SCOTT SIMON, HOST:
Sweden has remained largely open during this pandemic. The government has relied on residents to voluntarily keep their distance to try to contain the virus. But as Maddy Savage reports from Stockholm, there's growing concern about this strategy.
MADDY SAVAGE, BYLINE: This barbershop in downtown Stockholm has stayed open throughout the pandemic. Although, to promote social distancing there are fewer appointments.
JOHAN MARKSTROM: My name is Johan Markstrom. I'm into work to clean my desk and get a haircut. You can see that people are wearing masks, and they're, like, keeping their distance on the train, which is nice.
SAVAGE: But not everyone's so diligent. At several cafes in this neighborhood, customers are sitting close to each other. And despite a government recommendation to work from home when possible, some offices are starting to fill up. Eric Soderberg is just back from his lunch break.
ERIC SODERBERG: We are living almost the same way as we did before.
SAVAGE: Sweden's authorities say tackling the virus is a marathon, not a sprint. And their strategy was designed to last months, not weeks. The country's foreign minister, Ann Linde, insists most people are following the guidelines.
ANN LINDE: It is not going on as normal in Sweden. We have restrictions when it comes to how many people can gather. There has to be distancing in restaurants. But we don't lock people in their homes. We want everybody to be outdoors.
SAVAGE: The government hopes its strategy will help shield the economy. Unemployment is on the rise. But the production of goods and services dropped just 9% in April, not as much as economists predicted. Here's Johanna Savelin, another office worker in the neighborhood.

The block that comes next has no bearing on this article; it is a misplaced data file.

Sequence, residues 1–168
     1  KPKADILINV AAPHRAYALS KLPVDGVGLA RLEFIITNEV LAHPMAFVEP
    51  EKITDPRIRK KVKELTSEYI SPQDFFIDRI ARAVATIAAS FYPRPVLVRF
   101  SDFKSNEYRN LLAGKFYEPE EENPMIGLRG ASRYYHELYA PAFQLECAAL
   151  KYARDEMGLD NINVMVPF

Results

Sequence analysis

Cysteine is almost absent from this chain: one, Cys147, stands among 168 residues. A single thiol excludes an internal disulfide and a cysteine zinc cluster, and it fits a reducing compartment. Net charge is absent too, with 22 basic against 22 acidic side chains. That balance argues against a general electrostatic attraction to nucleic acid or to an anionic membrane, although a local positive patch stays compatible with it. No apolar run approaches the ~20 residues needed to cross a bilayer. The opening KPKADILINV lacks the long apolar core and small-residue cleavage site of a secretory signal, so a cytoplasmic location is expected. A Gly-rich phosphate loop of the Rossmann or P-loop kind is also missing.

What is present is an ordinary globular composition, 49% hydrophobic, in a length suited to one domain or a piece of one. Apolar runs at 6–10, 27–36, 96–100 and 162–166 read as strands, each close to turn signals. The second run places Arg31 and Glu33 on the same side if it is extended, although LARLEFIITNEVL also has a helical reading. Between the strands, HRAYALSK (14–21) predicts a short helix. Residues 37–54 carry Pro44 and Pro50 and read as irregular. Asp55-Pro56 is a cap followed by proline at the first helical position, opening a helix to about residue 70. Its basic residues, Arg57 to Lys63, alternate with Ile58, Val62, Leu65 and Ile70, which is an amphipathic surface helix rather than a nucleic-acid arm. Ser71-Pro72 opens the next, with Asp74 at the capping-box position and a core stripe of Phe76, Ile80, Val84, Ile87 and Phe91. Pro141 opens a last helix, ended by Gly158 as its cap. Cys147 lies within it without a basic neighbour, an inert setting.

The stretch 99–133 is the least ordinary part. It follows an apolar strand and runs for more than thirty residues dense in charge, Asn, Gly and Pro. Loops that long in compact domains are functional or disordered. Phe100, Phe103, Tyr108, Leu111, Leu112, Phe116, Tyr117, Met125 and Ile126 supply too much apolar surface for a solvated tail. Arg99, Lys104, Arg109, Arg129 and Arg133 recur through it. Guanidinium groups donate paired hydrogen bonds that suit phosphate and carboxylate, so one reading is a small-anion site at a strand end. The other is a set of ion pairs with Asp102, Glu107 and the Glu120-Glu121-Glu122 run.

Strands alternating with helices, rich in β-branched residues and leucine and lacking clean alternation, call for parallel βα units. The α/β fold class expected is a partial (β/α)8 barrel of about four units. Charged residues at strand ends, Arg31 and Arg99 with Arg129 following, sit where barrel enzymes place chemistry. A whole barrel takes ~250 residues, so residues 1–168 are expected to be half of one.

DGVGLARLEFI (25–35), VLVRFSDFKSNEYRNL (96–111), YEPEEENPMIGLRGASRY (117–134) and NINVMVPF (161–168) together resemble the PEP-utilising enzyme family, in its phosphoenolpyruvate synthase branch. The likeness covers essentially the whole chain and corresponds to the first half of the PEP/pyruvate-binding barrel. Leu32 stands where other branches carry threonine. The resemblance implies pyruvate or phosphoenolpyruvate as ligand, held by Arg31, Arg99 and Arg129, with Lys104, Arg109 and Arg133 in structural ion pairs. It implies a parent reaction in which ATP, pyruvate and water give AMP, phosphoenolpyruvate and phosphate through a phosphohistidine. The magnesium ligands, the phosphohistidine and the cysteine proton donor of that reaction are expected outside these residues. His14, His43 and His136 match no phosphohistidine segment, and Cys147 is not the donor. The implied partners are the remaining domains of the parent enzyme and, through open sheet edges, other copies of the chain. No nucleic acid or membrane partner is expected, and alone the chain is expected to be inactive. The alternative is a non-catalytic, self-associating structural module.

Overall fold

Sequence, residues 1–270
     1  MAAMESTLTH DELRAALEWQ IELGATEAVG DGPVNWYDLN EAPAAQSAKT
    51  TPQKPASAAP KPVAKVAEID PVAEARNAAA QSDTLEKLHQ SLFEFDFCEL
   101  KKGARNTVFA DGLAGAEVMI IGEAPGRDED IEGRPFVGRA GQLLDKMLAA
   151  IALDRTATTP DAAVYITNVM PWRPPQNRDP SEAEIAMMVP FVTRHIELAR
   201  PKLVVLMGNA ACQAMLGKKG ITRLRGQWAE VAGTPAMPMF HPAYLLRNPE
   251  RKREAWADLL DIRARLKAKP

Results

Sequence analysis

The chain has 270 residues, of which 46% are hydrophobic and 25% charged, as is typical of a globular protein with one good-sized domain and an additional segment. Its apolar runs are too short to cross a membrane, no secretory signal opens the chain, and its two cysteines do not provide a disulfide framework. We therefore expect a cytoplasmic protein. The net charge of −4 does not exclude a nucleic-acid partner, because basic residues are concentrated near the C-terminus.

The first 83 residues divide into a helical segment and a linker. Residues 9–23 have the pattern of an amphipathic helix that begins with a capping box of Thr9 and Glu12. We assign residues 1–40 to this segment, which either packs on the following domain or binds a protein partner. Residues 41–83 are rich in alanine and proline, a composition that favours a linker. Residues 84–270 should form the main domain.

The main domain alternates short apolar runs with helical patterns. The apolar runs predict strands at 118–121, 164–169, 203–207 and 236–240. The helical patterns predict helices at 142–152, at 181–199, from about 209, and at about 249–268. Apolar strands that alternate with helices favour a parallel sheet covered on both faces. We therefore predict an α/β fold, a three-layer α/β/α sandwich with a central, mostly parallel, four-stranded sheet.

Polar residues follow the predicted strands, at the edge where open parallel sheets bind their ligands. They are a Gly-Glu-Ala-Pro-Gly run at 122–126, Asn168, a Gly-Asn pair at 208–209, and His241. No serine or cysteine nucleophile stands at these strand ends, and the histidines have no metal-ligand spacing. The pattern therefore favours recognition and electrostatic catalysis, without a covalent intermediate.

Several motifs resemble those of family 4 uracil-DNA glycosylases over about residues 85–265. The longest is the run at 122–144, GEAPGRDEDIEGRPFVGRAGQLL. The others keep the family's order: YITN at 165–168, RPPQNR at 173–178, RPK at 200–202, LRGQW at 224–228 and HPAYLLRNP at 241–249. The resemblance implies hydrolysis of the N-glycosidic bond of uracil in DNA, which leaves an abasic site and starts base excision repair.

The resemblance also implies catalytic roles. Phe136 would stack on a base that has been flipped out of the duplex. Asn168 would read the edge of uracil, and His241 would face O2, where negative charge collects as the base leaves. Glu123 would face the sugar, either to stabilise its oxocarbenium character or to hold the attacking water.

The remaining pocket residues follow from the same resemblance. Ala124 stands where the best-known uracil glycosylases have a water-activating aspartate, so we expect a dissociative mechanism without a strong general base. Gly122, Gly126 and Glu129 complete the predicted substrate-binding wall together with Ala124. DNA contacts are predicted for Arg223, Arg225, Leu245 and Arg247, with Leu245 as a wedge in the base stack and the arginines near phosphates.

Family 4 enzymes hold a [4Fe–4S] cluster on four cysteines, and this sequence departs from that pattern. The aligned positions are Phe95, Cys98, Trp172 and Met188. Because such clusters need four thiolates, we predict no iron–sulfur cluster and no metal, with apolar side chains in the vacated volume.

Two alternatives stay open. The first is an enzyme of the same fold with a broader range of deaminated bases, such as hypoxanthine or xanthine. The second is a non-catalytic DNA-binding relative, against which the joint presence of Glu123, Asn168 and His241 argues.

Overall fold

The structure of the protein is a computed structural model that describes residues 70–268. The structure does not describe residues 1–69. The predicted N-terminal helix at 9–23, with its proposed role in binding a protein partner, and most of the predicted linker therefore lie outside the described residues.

JOHANNA SAVELIN: I think it's good for the people who are working because more people get to keep their jobs than in other countries, but more people have died also.
SAVAGE: More than 4 1/2 thousand people have lost their lives with COVID-19 here - one of the highest figures in Europe in relation to population size. Charlotte Wahlrud, who's out having coffee with her daughter, says the government's strategy was a mistake.
CHARLOTTE WAHLRUD: We should have been taking it more seriously. I think we should have listened more, how other countries treated it from the beginning.
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ANDERS TEGNELL: (Speaking Swedish).
SAVAGE: That's Anders Tegnell, the state epidemiologist, who's been the front man of the crisis. In a recent interview he appeared to admit Sweden should've adopted stricter measures but later said his comments had been overinterpreted. He said he still believes in the country's strategy but regrets the high death toll. A recent poll found just 45% of citizens now have confidence in the government's ability to tackle the crisis, down from 63% in April. And as Sweden prepares to relax guidelines further and allow unrestricted domestic travel, its unusual approach is sure to remain in the spotlight. For NPR News, this is Maddy Savage in Stockholm.
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